Costs, insurance groups, MPG and CO2
While there are some temptingly cheap trim levels in the Micra line-up, the ones you’ll actually want are expensive next to an equivalent Skoda Fabia. The Ford Fiesta, Renault Clio and Vauxhall Corsa are also likely to cost less if you’re buying on finance.
Equipment, options and extras
Entry-level Visia trim comes with automatic windscreen wipers, front electric windows and a 12-volt socket in the front, but you have to upgrade to Visia+ to get air conditioning or an engine stop/start system.
The mid-spec Acenta is our favourite, because it adds the touchscreen infotainment system, alloy wheels and cruise control, plus the option to add packs including the Vision Pack and Bose Audio Pack.
By contrast, N-Sport, N-Connecta and Tekna are too expensive, despite coming with a long list of kit that includes sat-nav, electrically folding door mirrors and tinted rear windows.
While there’s no specific reliability data available for the Micra, Nissan as a manufacturer finished a very disappointing 27th place out of 31 manufacturers in our 2018 What Car? Reliability Survey. All Micras come with a three-year or 60,000-mile warranty that can be extended for up to three additional years if you’re willing to pay extra.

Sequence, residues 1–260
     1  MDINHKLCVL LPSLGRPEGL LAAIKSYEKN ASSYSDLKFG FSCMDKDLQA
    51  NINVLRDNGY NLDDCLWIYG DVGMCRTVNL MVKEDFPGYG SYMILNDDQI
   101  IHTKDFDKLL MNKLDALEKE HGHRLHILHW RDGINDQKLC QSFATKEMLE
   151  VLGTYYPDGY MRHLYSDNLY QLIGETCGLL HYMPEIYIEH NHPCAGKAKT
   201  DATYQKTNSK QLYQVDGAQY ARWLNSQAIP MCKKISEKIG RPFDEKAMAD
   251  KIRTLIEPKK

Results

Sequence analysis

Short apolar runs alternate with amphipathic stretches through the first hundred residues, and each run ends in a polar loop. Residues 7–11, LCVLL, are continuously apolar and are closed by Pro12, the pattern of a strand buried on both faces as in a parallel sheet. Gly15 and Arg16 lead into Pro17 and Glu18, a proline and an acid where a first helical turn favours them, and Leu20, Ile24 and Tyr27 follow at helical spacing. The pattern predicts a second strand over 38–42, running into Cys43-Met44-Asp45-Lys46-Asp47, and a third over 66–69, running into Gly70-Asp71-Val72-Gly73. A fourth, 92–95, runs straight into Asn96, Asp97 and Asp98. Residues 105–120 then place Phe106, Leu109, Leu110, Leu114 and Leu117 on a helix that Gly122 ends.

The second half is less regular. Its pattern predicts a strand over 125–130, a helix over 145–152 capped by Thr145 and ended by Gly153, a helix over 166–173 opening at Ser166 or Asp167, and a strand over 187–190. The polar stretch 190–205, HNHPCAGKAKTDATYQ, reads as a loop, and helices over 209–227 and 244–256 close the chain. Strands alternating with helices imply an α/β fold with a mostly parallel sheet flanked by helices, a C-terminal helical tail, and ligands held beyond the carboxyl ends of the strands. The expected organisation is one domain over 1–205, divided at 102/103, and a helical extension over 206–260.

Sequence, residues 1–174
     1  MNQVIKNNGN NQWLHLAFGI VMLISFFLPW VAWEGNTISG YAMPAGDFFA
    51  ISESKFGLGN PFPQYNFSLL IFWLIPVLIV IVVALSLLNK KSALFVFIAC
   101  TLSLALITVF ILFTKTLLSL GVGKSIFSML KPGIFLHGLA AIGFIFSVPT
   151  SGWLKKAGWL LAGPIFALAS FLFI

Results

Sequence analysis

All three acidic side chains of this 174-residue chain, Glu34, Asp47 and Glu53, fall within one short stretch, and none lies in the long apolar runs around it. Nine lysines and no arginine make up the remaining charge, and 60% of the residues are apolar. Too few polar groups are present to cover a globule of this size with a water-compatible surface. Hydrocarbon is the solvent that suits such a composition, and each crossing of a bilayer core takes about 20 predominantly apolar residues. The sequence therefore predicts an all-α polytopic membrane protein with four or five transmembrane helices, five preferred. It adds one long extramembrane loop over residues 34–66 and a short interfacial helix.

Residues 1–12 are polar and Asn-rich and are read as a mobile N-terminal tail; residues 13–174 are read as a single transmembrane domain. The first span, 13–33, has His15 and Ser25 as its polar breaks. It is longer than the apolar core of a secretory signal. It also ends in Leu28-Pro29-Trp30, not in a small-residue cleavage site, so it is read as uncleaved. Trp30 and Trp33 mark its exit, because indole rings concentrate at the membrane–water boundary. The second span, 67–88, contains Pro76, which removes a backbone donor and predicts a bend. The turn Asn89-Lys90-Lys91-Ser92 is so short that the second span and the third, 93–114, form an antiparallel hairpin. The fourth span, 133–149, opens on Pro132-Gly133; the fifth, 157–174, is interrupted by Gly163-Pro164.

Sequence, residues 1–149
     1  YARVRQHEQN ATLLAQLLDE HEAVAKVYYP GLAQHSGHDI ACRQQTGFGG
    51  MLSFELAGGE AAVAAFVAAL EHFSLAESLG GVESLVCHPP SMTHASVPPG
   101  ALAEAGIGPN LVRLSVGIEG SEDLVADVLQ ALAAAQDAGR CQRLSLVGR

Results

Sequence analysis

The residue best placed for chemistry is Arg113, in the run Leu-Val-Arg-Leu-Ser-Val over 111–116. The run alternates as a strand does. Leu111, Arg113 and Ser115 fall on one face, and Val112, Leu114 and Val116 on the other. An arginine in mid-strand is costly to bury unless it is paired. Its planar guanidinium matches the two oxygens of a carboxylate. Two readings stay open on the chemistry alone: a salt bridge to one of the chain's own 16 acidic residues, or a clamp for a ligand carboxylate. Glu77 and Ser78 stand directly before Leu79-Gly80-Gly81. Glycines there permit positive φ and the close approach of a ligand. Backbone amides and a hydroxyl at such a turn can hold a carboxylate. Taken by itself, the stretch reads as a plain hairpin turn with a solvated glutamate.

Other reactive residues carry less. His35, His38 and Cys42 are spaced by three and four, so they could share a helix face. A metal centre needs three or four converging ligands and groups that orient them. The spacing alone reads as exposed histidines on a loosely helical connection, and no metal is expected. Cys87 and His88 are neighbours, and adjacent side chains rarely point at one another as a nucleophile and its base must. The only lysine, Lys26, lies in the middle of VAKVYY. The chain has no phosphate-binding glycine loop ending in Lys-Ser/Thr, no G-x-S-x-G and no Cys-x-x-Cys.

Safety and security
Every Micra comes with an impressive list of standard safety equipment that includes front, side and window airbags, a lane departure warning system and an automatic emergency braking system that should stop you from running into pedestrians or another car.
Safety body Euro NCAP gave the Micra four stars after testing in 2017. It scored well for both adult and child occupant protection but lost a star due to poor pedestrian and safety assist scores. The Polo and Fiesta were awarded the full five-star rating, helped by better scores for their safety assistance systems.
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